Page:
If your vocal cords are not moving "correctly", and are closing when they should be staying open, the doc could see this, and get an idea perhaps, of why this is happening.
There can be MANY possible causes of VCD (each patient is unique), and it may take an EXPERT team (like they have at National Jewish Hospital!)to figure out everything that is going on with you.
Once you get properly diagnosed, with whatever you have, you will have treatment choices! Keep us posted, and good luck.
I again want to recommend the top experts, National Jewish Hospital (NJH), from my husband's and my own experiences of getting wonderful help from them. NJH knows more about VCD, and other respiratory problems than any other medical places I know. They also know about sleep apnea, communicable diseases, auto-immune diseases, etc. (in addition to VCD, asthma, etc.)
We are lucky to have NJH! Angel-Eyes, call their LUNG LINE nurses! I think you'll be glad, if you do!
Well, I went today for my Methacholine Challenge Test. They went over the process w/me and told me the worst case scenerio that could happen is that my lung functions shut down completely and then they would have to give me a shot to get me breathing again. That scared me to the point where I just wanted to leave, but I stuck it out. She also said that if my lung functions dropped 20% or more that the test would be discontinued and I would be given a bronchodilator to get my functions back to normal. She was saying that I will take 6 breathing tests in which I inhale the methacholine.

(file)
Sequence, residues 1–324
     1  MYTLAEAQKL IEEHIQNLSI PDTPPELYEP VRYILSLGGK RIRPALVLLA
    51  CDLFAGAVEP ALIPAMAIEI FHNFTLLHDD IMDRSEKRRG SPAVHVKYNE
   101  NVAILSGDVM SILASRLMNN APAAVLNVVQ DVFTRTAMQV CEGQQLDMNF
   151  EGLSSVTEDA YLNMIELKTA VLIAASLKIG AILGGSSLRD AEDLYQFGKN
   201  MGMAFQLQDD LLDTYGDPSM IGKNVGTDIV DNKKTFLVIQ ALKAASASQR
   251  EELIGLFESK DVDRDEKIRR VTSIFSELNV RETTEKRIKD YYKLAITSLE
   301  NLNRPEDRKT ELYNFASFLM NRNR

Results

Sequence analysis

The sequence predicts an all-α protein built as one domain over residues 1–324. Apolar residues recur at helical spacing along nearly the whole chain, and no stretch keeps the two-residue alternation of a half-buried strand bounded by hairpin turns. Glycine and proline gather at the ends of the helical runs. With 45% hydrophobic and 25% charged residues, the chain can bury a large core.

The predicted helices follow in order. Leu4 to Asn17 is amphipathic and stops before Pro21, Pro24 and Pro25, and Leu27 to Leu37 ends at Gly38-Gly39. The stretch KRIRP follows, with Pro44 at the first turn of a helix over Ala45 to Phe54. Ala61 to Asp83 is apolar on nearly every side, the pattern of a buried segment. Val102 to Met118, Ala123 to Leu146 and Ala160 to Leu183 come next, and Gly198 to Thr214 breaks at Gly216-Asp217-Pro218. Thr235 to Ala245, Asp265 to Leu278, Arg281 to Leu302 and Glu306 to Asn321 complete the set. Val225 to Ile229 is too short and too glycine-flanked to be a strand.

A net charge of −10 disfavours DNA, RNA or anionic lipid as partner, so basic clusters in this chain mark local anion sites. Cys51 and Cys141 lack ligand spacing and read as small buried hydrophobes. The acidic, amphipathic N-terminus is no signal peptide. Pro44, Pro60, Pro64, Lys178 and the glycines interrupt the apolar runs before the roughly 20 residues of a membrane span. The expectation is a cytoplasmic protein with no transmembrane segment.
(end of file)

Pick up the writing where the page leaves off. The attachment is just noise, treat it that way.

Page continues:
First they had me put a clamp over my nose and put my mouth on a tube and do the breathing exercises they showed me to do. I did about 4 sets of them before they did a practice round of a diluted version of Methacholine. When I inhaled the diluted version I waited 2 minutes for it to take affect and then I did the breathing process over again.
After that I rested for a minute and then they gave me my first inhalation of Methacholine. I had to wait 2 minutes and then I did the breathing exercises again. Once I finished that one I waited a minute and they gave me more Methacholine. I did the breathing tests and then after that they made me stop b/c my functions FEV1 dropped more than 20%. The assistant said that if you had a drop in functins of 20% or more they would discontinue the test and give you a bronchodialator to inhale to get everything back to normal. I inhaled that for 10 minutes, then waited another 20 minutes before they did the last breathing exercise to see if my functions were back up.
Since they had to stop the testing by my 3rd round I assume that I tested positive. I won't know the results until next Wednesday. I have a strong feeling that it is a slight case of asthma. I'm praying that's all it is. I'll keep you posted.
Well, I went today to see the doc and get the results on my echocardiogram and Methacholine Challenge. He said my heart is perfectly normal and that it's deffinite that I have asthma. He said I have the kind that you aren't aware you have. He's starting me off on 3 inhalers and some pills. In 6 weeks I go back and he'l take me off 2 inhalers and just keep me on 1 and the pills. This is really good news for me considering what it might have been. Just wanted to keep you posted.